My guess is as more and more farms and rural homes found utility power available after WW2, the market for Edison storage batteries slowly dried up. Excide bought them out and buried the technology. Its kinda amazing how much information is out there now compared to 10 yr.s ago when I 1st started researching nickle iron batteries.

10yr.s ago one would've thought the battery industry didn't really get started until the 1940's for the lack of information available..

Randy Richmond's picture

Hi John, I looked at the link and saw what appears to be LA paralleled with LFP batteries (I don't know how the capacitors are wired in). In general, mixing battery chemistries is not recommended because the voltage for the various charge stages are hard to match-up between LA and and other chemistries. Fortunately, 6 cells of LA (at 2.2V each) is about the same as 4 cells of LFP (at 3.3V each), so paralleling them may be OK for discharging, but I would still be concerned that during charge, the differing charge characteristics might prevent one or the other of the chemistries from being properly charged. Also, one can expect the LA batteries to reach end of life much sooner than the LFPs, and when they do, the LA batteries will be a drag on the LFPs, reducing the efficiency of the whole setup. If the guy who did this conversion is doing data logging or recoding his experience (e.g. the actual usable watt-hour capacity, how many cycles, etc.), it would be interesting to have the hard data to see how this actually plays out for him. Regards, Randy (author)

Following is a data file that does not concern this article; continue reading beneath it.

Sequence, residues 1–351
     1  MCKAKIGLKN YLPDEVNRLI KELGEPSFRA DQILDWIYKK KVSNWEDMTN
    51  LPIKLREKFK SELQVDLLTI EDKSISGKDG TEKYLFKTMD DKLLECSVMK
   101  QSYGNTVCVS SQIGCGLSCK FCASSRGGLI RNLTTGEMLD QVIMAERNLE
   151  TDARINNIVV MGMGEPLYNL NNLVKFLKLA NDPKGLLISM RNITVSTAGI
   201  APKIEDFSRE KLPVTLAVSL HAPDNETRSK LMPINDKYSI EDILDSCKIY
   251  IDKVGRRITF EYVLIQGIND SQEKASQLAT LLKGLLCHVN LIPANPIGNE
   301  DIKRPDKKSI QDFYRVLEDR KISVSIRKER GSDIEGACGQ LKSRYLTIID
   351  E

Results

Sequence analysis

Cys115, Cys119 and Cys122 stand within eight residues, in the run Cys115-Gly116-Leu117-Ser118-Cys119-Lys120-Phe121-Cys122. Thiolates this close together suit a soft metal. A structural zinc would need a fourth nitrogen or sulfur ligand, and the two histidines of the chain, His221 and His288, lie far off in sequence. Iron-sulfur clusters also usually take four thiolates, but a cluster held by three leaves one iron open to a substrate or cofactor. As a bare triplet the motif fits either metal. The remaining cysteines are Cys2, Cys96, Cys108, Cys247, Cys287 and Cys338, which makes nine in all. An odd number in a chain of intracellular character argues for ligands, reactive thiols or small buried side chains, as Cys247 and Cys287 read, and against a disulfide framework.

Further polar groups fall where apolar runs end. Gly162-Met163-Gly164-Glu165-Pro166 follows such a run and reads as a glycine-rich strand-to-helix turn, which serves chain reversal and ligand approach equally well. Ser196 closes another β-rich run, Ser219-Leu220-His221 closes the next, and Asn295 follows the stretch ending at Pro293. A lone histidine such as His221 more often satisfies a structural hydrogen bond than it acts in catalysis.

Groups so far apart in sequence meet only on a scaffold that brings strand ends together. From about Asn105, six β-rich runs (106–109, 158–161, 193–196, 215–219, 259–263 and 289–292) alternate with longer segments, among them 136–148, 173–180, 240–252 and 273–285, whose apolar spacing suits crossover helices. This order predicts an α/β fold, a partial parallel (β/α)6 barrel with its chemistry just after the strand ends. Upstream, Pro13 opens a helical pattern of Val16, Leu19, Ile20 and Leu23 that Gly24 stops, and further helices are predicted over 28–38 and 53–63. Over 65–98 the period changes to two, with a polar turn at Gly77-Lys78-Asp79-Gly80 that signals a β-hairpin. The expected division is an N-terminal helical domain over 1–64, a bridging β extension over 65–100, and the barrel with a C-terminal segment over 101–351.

John Nicholson_2's picture

A friend of mine in the North Texas Electric Auto Association www.nteaa.org/ made a car which used both LA and LFP. The idea is to use LA as a buffer for the LFP as to balance and charge them. I have moved and so it has been a while since I check on the setup, but it might be something to think and write about. Here are some photos of it: http://www.flickr.com/photos/mbarkl...